For nearly 40 years Baby Boomer parents have been struggling with their children’s attachment to video games. In the early 80s, shopping malls were filled with Pac-Man-crazed players. But later in that decade the launch of Nintendo and Sony’s PlayStation in the 90s would firmly move gaming into the home and often into isolated rooms forever changing the spatial and cognitive relationships between the player, the handheld controller and the graphical user interface. In 2006 Nintendo Wii reunited the family around its handheld remote controllers.
But immersing participants even further with virtual reality (VR), the first prototype of Oculus Rift and Google’s stereoscopic 3D mode for Street View in 2010, intriguing people of all generations. In 2014 VR immersion spread to the home with the launch of Sony’s PlayStation 4 (PS4) VR headset, and in 2016 the worldwide augmented reality (AR) sensation Pokémon Go saw some unwitting users walking into street signs.
Consumer technology adoption is often the harbinger of workplace technology integration. Most parents hadn’t the faintest notion that video games would prepare their screen-fixated children for today’s workplace. Not only are AR, VR, and MR being adopted in the workplace for everything from training simulations to guiding workers on manufacturing production lines, but a recent study from Brigham Young University (BYU) has found that playing video coworkers is the real path to better performance at the office.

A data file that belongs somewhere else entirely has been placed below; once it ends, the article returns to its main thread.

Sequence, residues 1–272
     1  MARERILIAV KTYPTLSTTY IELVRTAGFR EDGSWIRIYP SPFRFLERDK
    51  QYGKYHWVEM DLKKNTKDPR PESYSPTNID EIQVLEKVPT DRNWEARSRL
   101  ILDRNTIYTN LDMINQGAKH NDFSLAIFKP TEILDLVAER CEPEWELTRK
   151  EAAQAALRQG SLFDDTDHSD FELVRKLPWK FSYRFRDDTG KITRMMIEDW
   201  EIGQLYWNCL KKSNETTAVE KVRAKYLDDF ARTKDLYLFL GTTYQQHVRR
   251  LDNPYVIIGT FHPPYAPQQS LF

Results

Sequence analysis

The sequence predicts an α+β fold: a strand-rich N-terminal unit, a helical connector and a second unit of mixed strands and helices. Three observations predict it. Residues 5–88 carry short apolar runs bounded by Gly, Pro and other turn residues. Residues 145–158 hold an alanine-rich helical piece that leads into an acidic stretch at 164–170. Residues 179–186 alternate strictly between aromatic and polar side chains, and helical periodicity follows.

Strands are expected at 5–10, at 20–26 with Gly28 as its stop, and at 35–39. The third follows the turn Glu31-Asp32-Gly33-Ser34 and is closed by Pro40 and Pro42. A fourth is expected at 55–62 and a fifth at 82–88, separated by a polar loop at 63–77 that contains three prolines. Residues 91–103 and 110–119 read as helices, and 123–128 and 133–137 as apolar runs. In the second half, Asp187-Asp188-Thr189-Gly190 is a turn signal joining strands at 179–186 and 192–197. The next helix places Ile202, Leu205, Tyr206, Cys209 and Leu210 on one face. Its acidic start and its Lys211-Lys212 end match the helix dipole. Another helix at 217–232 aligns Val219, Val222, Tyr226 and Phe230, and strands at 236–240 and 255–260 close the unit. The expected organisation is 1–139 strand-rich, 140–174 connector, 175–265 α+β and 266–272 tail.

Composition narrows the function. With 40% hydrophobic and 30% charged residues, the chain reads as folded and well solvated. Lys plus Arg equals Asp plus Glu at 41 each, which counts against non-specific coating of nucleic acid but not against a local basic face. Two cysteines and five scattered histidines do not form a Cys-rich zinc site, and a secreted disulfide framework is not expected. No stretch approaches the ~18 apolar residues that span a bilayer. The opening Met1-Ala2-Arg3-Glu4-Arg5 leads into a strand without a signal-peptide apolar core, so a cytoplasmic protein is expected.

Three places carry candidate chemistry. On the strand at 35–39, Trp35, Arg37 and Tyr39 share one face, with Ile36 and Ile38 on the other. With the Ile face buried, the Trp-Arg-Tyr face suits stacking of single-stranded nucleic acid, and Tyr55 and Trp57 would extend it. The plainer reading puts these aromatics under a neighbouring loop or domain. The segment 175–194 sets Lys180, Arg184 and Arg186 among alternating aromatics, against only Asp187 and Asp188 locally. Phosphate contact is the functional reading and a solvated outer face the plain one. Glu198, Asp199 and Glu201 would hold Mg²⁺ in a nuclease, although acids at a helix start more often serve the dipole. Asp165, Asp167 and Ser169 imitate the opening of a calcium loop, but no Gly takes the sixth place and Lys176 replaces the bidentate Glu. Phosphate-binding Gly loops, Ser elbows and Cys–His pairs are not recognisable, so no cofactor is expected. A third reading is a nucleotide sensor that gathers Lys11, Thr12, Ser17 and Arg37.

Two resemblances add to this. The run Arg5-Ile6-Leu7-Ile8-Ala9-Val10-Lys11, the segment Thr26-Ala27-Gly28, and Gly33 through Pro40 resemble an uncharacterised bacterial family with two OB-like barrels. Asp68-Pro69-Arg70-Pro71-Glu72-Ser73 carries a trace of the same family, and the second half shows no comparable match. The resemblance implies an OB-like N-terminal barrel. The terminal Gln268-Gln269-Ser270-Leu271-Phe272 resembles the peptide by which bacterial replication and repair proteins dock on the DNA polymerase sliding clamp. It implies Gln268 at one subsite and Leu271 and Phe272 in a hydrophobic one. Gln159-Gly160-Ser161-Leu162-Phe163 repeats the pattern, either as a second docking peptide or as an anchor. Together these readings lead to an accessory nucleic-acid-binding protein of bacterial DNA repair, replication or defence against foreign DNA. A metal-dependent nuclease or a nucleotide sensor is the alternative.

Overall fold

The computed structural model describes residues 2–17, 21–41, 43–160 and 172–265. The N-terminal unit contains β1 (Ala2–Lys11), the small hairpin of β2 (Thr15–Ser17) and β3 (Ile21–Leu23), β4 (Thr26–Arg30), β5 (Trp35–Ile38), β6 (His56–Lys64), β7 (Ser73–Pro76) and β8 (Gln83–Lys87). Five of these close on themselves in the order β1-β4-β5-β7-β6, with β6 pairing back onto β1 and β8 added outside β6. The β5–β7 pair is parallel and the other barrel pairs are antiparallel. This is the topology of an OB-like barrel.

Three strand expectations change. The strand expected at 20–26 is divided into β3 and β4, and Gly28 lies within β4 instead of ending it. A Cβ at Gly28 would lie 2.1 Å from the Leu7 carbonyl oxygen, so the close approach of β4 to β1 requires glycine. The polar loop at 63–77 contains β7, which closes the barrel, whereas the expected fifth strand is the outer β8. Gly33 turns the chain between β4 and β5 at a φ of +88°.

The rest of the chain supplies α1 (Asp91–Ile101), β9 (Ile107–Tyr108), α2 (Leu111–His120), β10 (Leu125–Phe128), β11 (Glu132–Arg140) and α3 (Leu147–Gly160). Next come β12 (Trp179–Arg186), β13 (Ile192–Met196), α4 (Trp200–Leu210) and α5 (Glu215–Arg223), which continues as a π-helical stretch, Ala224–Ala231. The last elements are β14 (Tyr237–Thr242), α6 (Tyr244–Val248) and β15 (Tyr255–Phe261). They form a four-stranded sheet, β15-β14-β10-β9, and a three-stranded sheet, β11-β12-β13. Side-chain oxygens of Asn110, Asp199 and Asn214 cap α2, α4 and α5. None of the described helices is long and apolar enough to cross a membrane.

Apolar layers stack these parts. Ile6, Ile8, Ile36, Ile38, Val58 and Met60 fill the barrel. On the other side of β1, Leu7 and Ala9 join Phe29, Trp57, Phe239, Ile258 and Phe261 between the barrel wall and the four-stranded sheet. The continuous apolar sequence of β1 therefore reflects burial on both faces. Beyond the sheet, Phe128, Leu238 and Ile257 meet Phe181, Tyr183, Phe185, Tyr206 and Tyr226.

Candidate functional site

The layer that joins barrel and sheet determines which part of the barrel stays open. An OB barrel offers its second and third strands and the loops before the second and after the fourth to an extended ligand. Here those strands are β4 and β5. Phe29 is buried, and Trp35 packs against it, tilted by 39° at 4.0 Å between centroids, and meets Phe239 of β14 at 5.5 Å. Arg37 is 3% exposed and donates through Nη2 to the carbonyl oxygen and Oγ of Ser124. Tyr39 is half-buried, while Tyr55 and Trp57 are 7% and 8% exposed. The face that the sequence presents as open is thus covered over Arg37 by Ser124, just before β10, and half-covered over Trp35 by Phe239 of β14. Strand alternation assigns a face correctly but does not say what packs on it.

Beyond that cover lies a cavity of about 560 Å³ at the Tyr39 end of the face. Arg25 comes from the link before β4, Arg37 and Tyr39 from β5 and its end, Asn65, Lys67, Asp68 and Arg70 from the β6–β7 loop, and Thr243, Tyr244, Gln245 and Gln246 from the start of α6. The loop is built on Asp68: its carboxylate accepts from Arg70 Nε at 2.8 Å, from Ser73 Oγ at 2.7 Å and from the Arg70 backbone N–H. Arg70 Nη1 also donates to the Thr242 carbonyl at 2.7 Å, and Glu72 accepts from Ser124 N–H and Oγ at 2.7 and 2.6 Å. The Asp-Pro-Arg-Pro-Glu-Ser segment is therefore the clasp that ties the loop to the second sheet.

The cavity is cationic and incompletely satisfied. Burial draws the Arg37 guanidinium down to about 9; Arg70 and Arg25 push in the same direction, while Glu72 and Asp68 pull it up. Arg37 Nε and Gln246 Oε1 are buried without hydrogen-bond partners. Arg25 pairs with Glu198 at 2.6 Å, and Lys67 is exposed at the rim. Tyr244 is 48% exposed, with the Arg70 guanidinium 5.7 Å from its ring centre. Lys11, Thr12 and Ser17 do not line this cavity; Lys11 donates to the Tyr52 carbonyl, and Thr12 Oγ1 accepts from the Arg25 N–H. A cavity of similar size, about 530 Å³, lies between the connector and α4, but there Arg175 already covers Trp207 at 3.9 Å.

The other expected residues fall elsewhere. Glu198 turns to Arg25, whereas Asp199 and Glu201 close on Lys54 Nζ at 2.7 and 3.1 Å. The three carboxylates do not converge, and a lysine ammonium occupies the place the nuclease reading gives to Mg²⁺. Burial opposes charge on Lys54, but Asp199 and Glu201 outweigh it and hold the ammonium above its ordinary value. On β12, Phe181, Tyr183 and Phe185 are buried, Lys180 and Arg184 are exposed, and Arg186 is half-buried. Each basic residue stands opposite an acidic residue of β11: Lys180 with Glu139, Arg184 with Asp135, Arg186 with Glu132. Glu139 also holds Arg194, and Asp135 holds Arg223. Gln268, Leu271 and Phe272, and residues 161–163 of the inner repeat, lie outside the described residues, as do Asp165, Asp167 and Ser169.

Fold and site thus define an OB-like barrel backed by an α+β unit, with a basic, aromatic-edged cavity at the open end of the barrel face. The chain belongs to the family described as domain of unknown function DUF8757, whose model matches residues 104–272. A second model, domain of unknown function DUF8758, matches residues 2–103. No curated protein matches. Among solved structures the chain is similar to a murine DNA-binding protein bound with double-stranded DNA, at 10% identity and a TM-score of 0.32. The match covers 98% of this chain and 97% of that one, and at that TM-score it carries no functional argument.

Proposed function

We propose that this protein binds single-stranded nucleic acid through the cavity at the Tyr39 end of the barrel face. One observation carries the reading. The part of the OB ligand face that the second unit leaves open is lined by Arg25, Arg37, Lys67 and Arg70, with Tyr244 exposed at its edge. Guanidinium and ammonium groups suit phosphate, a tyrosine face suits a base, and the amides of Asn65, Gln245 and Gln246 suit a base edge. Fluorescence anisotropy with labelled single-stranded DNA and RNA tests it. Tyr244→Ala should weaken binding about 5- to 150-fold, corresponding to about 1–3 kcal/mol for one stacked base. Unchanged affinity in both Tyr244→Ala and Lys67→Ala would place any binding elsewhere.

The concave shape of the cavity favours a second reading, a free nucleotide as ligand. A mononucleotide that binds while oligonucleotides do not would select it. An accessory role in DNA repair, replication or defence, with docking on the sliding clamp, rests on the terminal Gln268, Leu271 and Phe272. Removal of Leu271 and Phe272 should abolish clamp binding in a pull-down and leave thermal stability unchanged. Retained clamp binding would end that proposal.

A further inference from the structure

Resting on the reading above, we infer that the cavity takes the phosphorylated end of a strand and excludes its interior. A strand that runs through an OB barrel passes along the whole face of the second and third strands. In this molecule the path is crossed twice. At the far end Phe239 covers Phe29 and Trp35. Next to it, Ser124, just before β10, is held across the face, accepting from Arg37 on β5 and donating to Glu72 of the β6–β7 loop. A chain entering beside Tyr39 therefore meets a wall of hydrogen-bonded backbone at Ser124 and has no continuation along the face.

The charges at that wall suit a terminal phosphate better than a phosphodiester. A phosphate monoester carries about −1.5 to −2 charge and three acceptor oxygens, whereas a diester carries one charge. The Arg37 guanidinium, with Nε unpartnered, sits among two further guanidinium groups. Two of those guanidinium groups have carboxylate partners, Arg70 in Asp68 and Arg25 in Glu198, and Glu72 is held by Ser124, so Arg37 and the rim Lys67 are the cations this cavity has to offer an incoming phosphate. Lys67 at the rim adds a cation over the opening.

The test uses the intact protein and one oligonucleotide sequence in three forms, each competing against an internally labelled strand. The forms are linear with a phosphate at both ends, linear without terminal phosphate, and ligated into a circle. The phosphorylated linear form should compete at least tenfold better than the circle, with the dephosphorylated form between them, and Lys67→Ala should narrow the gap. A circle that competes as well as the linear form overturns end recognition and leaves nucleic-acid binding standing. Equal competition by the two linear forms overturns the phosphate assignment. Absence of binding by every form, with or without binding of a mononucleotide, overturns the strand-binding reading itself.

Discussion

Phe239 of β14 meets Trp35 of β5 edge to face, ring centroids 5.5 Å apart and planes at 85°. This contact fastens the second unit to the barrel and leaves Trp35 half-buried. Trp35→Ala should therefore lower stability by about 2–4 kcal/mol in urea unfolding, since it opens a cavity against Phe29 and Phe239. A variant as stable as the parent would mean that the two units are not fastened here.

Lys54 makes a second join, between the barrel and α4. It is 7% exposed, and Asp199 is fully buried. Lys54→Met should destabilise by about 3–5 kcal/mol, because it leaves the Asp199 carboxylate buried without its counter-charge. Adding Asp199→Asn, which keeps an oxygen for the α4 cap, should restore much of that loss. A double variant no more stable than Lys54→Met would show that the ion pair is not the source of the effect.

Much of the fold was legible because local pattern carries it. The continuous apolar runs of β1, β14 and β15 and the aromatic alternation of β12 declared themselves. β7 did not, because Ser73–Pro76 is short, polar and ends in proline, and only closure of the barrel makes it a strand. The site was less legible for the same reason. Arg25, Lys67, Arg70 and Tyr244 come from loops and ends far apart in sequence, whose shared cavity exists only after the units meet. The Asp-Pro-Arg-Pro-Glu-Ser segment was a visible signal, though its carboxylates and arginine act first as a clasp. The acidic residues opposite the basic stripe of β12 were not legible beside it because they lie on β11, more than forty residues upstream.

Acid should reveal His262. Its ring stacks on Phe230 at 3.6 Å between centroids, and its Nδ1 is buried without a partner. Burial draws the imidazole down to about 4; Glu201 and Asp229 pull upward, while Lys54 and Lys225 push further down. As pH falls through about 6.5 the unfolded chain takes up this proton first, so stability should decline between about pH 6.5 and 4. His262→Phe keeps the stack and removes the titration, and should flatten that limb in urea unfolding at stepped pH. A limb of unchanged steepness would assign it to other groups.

The following gallery provides a snapshot of how fun and video games have turned into productive workplace tools and sometimes mission critical applications.